Another “blinder” in my study of the Holy Spirit issue was that only the apostles were baptized in the Spirit on the day of Pentecost (Acts 2). This “blinder” was coupled with another “blinder” concerning Cornelius, his household and near friends being baptized in the Spirit (Acts 10). Supposedly, Acts 2 and Acts 10 were the only occasions of Holy Spirit baptism recorded in the New Testament. In earlier years, when a discussion of the Holy Spirit came up in a Bible class or in a sermon, we were always assured that no one but the apostles and Cornelius, along with his household and near friends, were baptized in the Holy Spirit. Somehow we managed to leave out the apostle Paul! This teaching was accepted by most everyone. But when we take off our “blinders” we will see such is not the case.

The events of Pentecost (Acts 2) are a fulfillment of Joel’s prophecy (Joel 2:28-32). In his prophecy Joel foretold how God would “pour out my Spirit upon all flesh” (Joel 2:28). The “pouring out” of God’s Spirit would affect both men and women (vss. 28, 29). So when Peter says, “this is that which was spoken by the prophet Joel” (Acts 2:16), we see how the baptism in the Spirit on Pentecost involved more than just the apostles. The “blinder” most of us have worn kept us from seeing that the pronoun “they” (Acts 2:1) is not limited to the apostles. Surely, more than just the apostles were “in one accord,” and, since men and women are involved in Joel’s prophecy, we must go back and take into account the about 120 disciples (Acts 1:14ff), which included the apostles. Now if anyone questions the foregoing, and claims only the apostles were baptized in the Spirit on Pentecost (Acts 2:1-4), then this question: How many apostles were women? That’s not a silly question; it cuts right to the heart of our problem. If only the apostles were baptized in the Holy Spirit on Pentecost (Acts 2:1-4), then Peter and Joel lied. The truth is, when Peter referred to the events which were then occurring on Pentecost, he said, “this is that which was spoken by the prophet Joel” (Acts 2:16), and Joel said the Spirit would be poured out on both men and women (Joel 2:28, 29). Brethren, my seeing this did not come easily. But how can we hope to go to heaven if we’re not honest with ourselves and finally admit we have been honestly mistaken, all these years?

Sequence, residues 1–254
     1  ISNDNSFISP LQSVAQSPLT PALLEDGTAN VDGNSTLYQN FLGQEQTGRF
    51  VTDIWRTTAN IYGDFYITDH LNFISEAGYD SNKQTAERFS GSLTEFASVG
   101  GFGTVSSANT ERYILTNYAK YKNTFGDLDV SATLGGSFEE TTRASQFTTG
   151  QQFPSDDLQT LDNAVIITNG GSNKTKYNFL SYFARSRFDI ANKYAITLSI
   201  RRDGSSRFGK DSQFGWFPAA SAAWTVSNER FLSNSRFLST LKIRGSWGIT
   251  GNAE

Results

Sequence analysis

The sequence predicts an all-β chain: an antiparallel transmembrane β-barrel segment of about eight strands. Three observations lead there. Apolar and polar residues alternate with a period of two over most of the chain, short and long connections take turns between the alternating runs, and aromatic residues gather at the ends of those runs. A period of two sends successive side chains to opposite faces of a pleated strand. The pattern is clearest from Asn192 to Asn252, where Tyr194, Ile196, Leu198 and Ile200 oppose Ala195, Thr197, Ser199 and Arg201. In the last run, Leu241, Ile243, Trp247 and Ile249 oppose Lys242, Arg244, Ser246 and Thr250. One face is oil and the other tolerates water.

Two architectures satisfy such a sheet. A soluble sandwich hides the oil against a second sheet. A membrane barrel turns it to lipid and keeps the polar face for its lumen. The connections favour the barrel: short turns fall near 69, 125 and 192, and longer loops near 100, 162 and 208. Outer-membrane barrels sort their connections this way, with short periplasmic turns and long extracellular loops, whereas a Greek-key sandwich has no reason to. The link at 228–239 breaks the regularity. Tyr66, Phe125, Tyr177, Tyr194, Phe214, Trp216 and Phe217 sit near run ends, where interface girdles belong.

Brethren, if I know my heart as I believe I do, I hold no malice or unkind feelings towards anyone, including several gospel preachers who have taken me to task in several publications. Truth is not ascertained by emotion, but, rather, by logical argument (1 Thess. 5:21; Rom. 12:2). Brother Mac Deaver has met four capable opponents in public debate on the Holy Spirit issue. His arguments have yet to be falsified. My prayer is that we will all study our Bibles and come to the point in our studies that we will no longer put off admitting we have been mistaken, and this will only happen when we “take off our blinders” and prove our love for the truth. Think about it.

 

Posted in Baptism, Doctrine

A Brief Response To Massive Confusion

By Mac Deaver

The reader may be aware that not long ago I wrote a lengthy article exposing an unsound syllogism that had been written, the writer of which was trying to falsify our contention regarding what happens when a sinner is baptized into Christ. The article was entitled, “Who Is Added To the Church—Saint or Sinner?” The syllogism had been written by Daniel Denham whose name I did not call in the article. However, now he has placed a brief statement on Facebook which I have been sent. According to Denham, my whole article “can be falsified with one simple question. Mac Deaver, when an accountable person receives the remission of sins in baptism is he at that point saved or lost?” Then he goes on and refers to the law of excluded middle, showing that the man is either saved or lost, one or the other. My response: of course!

Denham’s confusion is apparent. He thinks that my article indicates that I would have trouble answering the question. Hardly! In baptism, when a person’s sins are forgiven, he is at that moment saved from those sins! But the problem is that Denham assumes (without proof) that the remission of sins is the same thing as entry into the kingdom. And this is where he is wrong!

Remission of sins is one thing; entry into the kingdom is another. And according to the Lord, entry demands not only immersion in water for remission of sins, but immersion in Spirit as well (John 3:3-5). So, again I raise the question, “Who does the Lord add to the church?” Denham is already on record as implying that the Lord adds a sinner to the church so that the sinner can now “in Christ” receive the spiritual blessing of the remission of his sins! In other words, Denham has taken the position that requires the sinner to bring sins into the kingdom so that while in the kingdom he can receive the remission of those sins! And he incredibly thinks that his one question somehow destroys the force of my article. Amazing! Consider:

  • T/F 1. The Lord adds a sinner to the church (False). It is false because one has to be forgiven in order to be added to the church (cf. Acts 2:47). Denham is already on record as declaring that one must be in Christ in order for his sins to be remitted. He implies that a sinner must bring his sins into the kingdom, and then while being in the kingdom, he receives the spiritual blessing of forgiveness per his wrong understanding of Ephesians 1:3, 7. So, Denham has the Lord adding sinners to the church in order to be make saints out of them after they have been added to the church! Why must they bring their sins with them into the church? Because forgiveness is a spiritual blessing, and it is only granted to those who are members of the church (according to Denham’s wrong view of Ephesians 1:3, 7).